Box of Amazing: Smart Amazon, Girls in AI, Deliveroober and the Future of Work  
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Box of Amazing is a weekly digest curated by Rahim covering emerging technology, trends and extraordinary articles, hand picked to broaden your mind and challenge your thinking.

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This week, Facebook launched Facebook Dating in Columbia, we got the best review of the iPhone XS, and IKEA announced some self-driving car concepts. 

I mentioned last week about the etonX launch of live soft skills courses for teenagers (ex UK). You can still use the discount code BOALAUNCH30 to get 30% off if you sign up soon. For (parent) readers in the UK, I have a 30% discount off the 2-day workshop, Girls in AI, and the NASA Space Hackathon using code BOA30, both held at the Microsoft Reactor in London during October for 11-18 year olds. If you are in San Francisco, Girls in AI is free and is also being held in October. There are limited spots  - don't miss this unique opportunity to explore artificial intelligence, learn tech and entrepreneurship skills, work with top industry mentors from Microsoft and Google, win prizes and boost your Uni application! Feel free to forward and share the codes with anyone!   

Have an excellent week! Onward!


What's Amazing?
Amazonian Smart Home: Amazon showered us with a heap of new products this week. In and amongst the upgrades on Alexa related products, there were some new ones including an Amazon Microwave (yes, voice-enabled), Alexa Guard to help protect your house from intruders by monitoring sounds, Alexa Auto to make your car "less dumb",  and some software updates including programmable commands amongst other areas. This was essentially a land grab on your home and probably a very smart smart home strategy. Firstly, developers are in play creating skills for not only Amazon Alexa devices, but also Alexa enabled devices made by others. In addition, "Amazon also gave Alexa the ability to suggest an action. Amazon calls these hunches, and when Alexa hears a command and "notices" something that might fit into that command, it can make a suggestion. As an example, Rausch told Alexa "Goodnight" and the assistant said, "The kitchen light is still on. Do you want me to turn it off?" There's a lot going on there on the back end, but as a user, it's exactly the level of simplicity we need. We don't risk plunging the kitchen into darkness if it's not our intention, and we don't miss out on turning off a light that we'd want off." In other Amazon news, Amazon Orders 20,000 Mercedes Vans to Bolster Delivery Program and Amazon Will Consider Opening Up to 3,000 Cashierless Stores by 2021. If the latter is even doable at the current rate, then Amazon has locked down shopping, both physical and online. The supply chain, the store, the store to your home, and your home and everything in your home. Repeat.   Link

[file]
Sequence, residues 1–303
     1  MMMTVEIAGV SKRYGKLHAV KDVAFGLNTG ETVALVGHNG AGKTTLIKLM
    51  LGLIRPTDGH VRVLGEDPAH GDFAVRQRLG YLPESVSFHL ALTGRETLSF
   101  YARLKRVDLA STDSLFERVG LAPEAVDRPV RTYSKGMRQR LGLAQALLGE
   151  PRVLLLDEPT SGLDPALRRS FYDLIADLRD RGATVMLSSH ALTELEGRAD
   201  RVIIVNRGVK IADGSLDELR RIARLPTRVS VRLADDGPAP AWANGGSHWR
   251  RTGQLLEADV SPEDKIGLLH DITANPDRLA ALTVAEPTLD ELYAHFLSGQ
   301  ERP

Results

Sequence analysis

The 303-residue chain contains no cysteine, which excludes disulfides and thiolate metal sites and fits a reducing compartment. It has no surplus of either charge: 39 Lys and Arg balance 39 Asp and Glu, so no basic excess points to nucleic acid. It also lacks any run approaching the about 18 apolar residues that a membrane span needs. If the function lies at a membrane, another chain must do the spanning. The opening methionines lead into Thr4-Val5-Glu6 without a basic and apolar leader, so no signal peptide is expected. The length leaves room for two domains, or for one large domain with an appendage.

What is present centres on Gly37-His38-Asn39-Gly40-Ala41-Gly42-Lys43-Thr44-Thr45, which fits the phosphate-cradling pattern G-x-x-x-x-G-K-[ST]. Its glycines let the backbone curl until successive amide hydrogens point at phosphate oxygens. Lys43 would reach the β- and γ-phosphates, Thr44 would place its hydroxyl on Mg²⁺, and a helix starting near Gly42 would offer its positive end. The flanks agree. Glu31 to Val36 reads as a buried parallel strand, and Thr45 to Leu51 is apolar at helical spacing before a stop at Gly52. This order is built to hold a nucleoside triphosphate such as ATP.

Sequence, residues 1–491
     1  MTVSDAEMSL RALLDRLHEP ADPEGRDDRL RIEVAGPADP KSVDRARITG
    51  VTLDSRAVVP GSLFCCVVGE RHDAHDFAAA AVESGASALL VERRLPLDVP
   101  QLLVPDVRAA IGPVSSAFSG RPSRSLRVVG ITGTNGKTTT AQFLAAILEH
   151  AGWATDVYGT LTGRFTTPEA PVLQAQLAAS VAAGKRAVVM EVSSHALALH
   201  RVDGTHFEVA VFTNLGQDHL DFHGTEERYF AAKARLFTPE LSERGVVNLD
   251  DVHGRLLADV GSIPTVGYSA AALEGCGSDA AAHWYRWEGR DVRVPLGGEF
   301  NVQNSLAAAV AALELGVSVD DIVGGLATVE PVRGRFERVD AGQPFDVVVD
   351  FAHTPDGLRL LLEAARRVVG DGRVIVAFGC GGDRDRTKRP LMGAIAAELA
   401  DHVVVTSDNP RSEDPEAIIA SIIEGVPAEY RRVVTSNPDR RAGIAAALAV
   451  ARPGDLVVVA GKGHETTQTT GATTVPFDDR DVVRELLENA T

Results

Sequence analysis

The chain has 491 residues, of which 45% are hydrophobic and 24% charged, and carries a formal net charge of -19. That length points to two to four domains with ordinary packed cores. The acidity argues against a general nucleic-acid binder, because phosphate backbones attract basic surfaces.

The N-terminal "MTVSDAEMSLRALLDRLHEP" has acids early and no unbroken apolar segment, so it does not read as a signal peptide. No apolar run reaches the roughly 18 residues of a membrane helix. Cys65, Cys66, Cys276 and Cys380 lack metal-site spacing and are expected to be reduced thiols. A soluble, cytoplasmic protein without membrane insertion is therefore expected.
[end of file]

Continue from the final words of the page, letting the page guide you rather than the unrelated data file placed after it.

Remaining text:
Future of Work: The latest report from WEF was released and highlights growing trens in automation of jobs. The top lines include the differing nature of automation, robotization and digitization across different industries and different types of robots, humanoid, non-humanoid and stationary. Obviously, the jobs that will look to dominate are the ones that are based on or enhanced by technology, but the interesting data for me was on the rate of automation. The WEF predicts that by 2025 humans will be doing less work than machines. Excluding appendices, the report is 20 pages long, and 20 pages worth reading.  Link